*If you are looking for a 0% money transfer card and have existing card debt, Virgin’ Money’s 29-Month All Round Credit Card could be a better option. It offers the same 12 months at 0% on money transfers (same 4% fee) but 29 months on balance transfers (3% fee) and three months at 0% on purchases.
What methodology did we use?
When we ranked the leading 0% money transfer card offers, we consider these criteria, which are listed here in what we consider to be their order of importance:
duration of the 0% money transfer period
size of money transfer fee
representative APR (the variable interest rate charged once 0% period ends)
rewards, perks and benefits
We worked on the basis that applications were accepted with the longest advertised 0% money transfer duration, the lowest advertised money transfer fee and the lowest advertised APR.
Frequently asked questions
How much interest is charged?
The most competitive money transfer credit cards charge zero interest for the first set number of months. This is good news, as it means all of your monthly repayments go towards paying off the debt rather than the interest.
Once the 0% window ends, interest of at least 20% APR (variable) will apply however, so it’s important to pay off your balance in time.
Do all money transfer cards charge fees?
In the majority of cases, you will have to pay a transfer fee. Deals change regularly but from time to time, you might find some cards that charge a low fee, or even no fee at all. However, these will carry shorter 0% periods.
How much money can I transfer?
The amount of cash you’ll be able to transfer into your current account from a money transfer card is based on a percentage of your overall credit limit – it’s typically between 90% and 95%.
So, if your allocated card limit is £4,000, you could expect between £3,600 and £3,800 to be paid into your bank account.
Minimum transfer amounts of around £100 usually apply.
Can I make more than one transfer?
You can carry out more than one transfer but, unless the card comes without a fee, it will cost you each time you do so.
And if you do it outside the permitted transfer window (usually 30, 60 or sometimes 90 days from opening the account) you’ll probably also lose the 0% interest, or ‘fee-free’ promotional offer.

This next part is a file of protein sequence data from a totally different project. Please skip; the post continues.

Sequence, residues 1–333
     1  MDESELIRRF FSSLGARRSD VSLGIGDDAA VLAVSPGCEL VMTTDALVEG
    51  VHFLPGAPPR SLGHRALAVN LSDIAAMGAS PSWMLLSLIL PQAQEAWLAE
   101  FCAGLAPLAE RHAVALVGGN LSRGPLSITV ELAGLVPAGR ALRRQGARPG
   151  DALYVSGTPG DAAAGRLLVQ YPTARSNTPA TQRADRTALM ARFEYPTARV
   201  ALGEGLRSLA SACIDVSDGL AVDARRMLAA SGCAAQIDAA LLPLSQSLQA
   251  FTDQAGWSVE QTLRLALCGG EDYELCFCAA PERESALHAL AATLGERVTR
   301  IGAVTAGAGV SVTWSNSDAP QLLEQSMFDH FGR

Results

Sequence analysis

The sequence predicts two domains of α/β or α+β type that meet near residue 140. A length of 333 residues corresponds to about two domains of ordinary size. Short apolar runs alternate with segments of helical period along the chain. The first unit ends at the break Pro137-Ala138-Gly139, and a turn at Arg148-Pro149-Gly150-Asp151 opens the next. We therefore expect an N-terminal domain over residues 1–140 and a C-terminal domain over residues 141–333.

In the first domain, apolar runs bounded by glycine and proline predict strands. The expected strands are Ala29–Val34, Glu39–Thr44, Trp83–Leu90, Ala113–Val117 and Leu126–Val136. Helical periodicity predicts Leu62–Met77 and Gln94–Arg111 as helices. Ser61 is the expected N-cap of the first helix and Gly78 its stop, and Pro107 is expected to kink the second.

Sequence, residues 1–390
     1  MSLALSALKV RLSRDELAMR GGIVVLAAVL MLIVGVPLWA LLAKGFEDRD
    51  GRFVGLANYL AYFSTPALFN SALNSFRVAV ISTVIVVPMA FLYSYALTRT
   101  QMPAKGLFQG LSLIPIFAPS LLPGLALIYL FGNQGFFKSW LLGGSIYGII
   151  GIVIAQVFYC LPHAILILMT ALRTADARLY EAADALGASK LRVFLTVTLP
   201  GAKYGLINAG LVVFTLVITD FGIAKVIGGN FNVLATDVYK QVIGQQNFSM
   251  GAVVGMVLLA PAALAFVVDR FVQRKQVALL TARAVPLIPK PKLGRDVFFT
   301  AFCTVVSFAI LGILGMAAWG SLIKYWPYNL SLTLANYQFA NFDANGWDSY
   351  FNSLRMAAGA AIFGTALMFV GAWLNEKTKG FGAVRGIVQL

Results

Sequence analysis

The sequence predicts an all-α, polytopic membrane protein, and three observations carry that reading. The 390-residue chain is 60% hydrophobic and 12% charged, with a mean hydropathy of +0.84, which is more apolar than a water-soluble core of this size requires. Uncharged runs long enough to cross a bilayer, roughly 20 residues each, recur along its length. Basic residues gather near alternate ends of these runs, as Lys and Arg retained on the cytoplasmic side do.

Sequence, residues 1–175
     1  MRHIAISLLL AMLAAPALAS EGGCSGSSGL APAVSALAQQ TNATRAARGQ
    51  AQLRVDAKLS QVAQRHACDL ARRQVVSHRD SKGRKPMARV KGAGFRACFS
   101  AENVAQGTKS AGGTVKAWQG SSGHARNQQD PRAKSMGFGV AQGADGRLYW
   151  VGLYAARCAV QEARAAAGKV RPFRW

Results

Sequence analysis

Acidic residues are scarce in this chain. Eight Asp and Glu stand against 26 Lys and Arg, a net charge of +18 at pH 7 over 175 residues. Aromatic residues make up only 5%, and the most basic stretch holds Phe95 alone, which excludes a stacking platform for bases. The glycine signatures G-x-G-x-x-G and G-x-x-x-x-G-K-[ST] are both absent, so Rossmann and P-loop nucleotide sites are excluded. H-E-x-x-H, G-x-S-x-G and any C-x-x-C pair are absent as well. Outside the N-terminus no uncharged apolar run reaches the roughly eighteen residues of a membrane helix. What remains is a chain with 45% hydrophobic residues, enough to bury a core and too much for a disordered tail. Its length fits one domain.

How should I use a money transfer card?
Money transfer cards are great when used to your advantage. But if you start racking up interest, any benefits could quickly be lost.
To get the most out of your card, calculate how much you’ll need to pay each month to clear the balance before the 0% deal ends. Then set up a direct debit for this amount, so you don’t have to think about it again.
If you can’t afford to do this, try to pay more than the minimum – more on this below.
What should I watch out for?
When comparing money transfer credit cards, factor in the following:
The go-to APR: if things go to plan you will never pay the APR which kicks in after the 0% window, but it pays to be aware of what it is. Also bear in mind that the APR you see advertised is only representative, which means it needs to be offered to 51% of successful applicants. Yours could be higher.
Minimum monthly repayments: these are typically set at low levels – around 1% to 2.5% of the balance – but always try to pay more than this. Paying just the minimum each month will rack up interest and it will take years on end to clear your debt
Eligibility: the most competitive 0% money transfer credit cards are reserved for applicants with excellent credit scores. If yours isn’t up to scratch you could be offered a shorter 0% deal, a higher transfer fee or even be turned down entirely. Card providers with eligibility checkers allow you to see your chances of being accepted before you actually apply.